Asking "why" is often a reasonable way to find out information. However, in some circumstances it limits the response and circumvents the objective for asking the question. When trying to resolve behavioral issues asking "why" tends to lead a student on a mental chase of cause and effect. While this process is generally helpful for critical thinking, it does not necessarily promote beneficial and on-going self-reflection. Watch someone when you ask "why" and you " ll often see her / his eyes looking up as if s / he can see into her / his brain and get the answer. However, the brain is not where feelings reside; it is where they are intellectually processed.

Consequently, asking a student "why" is essentially asking for an explanation. Therefore, asking "why" often promotes a sense of confrontation and judgment which puts a student on the defensive, as if s / he has to justify her / himself to you. As a result the situation has become about your needs not hers / his. On the other hand, asking "what" is a neutral question which does not imply judgment. It is a simple question which promotes a reporting of events and / or feelings; an important first step when trying to resolve behavioral issues.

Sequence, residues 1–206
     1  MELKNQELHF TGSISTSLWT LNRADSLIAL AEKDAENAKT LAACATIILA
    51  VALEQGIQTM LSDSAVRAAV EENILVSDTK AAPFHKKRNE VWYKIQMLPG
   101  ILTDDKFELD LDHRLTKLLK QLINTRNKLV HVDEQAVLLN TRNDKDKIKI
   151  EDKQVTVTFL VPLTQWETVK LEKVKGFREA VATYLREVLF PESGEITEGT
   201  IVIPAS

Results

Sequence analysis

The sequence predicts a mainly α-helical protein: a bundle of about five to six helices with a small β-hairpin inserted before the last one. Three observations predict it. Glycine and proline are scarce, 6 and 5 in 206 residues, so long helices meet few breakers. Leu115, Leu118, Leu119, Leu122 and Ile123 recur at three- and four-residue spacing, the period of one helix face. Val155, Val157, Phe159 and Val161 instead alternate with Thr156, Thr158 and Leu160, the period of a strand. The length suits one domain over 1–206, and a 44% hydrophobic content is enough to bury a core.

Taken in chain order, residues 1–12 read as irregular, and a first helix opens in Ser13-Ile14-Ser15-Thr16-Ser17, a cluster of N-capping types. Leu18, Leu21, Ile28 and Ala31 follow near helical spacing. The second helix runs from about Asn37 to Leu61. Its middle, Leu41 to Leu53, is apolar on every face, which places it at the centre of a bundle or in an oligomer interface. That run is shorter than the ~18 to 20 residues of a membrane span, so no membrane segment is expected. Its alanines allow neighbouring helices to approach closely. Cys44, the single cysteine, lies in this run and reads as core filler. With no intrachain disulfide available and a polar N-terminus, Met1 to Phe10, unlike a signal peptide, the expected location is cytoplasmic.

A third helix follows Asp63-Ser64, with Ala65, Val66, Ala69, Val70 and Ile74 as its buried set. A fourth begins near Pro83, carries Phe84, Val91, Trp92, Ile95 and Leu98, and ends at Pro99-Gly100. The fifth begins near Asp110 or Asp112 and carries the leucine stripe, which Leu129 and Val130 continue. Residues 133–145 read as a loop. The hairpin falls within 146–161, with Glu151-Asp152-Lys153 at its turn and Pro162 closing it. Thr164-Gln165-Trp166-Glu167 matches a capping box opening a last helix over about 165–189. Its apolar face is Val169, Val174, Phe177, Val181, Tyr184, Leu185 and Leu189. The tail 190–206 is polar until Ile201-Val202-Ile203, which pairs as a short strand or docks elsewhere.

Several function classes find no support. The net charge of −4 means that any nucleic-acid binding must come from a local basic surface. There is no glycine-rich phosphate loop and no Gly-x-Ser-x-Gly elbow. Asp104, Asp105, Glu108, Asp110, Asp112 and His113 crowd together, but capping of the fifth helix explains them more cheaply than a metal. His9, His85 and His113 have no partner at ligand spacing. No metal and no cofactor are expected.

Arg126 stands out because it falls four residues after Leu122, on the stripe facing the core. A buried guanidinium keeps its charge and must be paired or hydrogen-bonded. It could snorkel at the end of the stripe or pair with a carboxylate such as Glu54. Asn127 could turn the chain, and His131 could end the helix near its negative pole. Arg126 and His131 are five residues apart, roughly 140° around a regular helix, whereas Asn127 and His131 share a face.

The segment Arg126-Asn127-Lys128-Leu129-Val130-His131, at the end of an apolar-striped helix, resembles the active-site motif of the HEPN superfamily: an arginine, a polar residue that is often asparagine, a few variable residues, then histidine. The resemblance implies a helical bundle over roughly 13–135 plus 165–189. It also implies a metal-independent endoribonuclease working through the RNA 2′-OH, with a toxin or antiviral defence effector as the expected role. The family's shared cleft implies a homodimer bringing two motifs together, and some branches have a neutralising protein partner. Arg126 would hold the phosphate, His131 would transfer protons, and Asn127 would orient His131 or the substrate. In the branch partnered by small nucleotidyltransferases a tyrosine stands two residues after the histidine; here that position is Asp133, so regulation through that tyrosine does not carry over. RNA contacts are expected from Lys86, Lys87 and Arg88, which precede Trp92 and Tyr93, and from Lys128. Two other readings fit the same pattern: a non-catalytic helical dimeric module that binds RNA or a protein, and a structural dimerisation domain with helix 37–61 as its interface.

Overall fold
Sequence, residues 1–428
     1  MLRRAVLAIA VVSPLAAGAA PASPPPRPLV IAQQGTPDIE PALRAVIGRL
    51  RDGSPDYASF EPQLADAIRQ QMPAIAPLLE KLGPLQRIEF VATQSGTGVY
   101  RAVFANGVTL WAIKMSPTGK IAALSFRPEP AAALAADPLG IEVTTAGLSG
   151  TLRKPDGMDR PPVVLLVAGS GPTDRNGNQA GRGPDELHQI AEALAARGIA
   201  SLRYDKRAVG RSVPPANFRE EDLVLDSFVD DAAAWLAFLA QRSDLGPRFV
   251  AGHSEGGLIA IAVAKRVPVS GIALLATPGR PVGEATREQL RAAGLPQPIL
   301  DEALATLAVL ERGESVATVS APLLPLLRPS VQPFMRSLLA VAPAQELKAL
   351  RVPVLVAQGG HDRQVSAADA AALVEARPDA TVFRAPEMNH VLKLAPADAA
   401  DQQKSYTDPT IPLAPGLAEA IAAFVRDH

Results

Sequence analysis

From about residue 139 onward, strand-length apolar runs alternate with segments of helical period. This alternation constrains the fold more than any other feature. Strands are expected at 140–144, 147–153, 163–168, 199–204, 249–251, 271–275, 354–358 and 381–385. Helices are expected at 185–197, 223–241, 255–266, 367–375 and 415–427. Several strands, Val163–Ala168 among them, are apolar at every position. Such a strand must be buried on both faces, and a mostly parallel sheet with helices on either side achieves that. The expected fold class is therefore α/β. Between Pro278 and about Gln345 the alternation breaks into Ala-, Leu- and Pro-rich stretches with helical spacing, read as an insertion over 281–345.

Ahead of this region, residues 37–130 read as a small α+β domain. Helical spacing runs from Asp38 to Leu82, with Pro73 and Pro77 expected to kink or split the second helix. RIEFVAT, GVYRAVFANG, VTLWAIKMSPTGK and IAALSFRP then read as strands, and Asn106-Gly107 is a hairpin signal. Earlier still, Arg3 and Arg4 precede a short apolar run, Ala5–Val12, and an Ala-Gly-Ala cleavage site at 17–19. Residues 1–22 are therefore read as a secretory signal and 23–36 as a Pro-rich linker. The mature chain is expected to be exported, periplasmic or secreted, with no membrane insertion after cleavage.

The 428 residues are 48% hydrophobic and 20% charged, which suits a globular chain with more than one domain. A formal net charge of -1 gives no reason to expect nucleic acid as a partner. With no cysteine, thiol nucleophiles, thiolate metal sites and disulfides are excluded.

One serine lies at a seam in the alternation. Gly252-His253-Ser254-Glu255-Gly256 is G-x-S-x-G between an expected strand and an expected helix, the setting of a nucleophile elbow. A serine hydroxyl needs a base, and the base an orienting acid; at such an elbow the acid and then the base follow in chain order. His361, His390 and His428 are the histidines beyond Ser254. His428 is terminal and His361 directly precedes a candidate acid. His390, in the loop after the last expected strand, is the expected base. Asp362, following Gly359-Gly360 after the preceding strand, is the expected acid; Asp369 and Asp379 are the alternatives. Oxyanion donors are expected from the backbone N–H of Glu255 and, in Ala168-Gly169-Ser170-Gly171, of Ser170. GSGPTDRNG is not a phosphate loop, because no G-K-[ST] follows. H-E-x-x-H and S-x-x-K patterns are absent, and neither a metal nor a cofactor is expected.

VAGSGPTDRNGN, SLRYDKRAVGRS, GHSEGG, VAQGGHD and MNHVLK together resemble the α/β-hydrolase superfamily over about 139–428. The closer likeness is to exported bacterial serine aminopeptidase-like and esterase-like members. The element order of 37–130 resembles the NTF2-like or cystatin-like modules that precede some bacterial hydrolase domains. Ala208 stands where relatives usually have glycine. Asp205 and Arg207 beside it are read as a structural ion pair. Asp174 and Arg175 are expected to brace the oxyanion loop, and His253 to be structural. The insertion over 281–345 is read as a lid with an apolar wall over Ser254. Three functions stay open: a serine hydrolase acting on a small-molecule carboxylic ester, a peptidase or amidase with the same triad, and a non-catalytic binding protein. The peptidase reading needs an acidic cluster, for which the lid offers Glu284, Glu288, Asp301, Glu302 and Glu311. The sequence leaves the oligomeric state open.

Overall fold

Asking "what" focuses the student's attention inward to the heart of the matter... literally the heart, the essence of the experience... the feelings. Asking "what" is a non-confrontational question that gives someone the opportunity to relate her / his experience; not to judge it and / or feel judged about it. Equally important is that asking "what" gives the questioner the opportunity to listen without prejudice.

If we truly wish to help a student change and grow then the first step is to honor her / his feelings as valid. It is only from this point that trust can begin to develop. When trust begins to form a student's emotional defenses can start to relax; s / he does not have to spend her / his energy in resistance, disengagement and ultimately anger. This reclaimed energy has the potential to become the willingness to experience and explore change..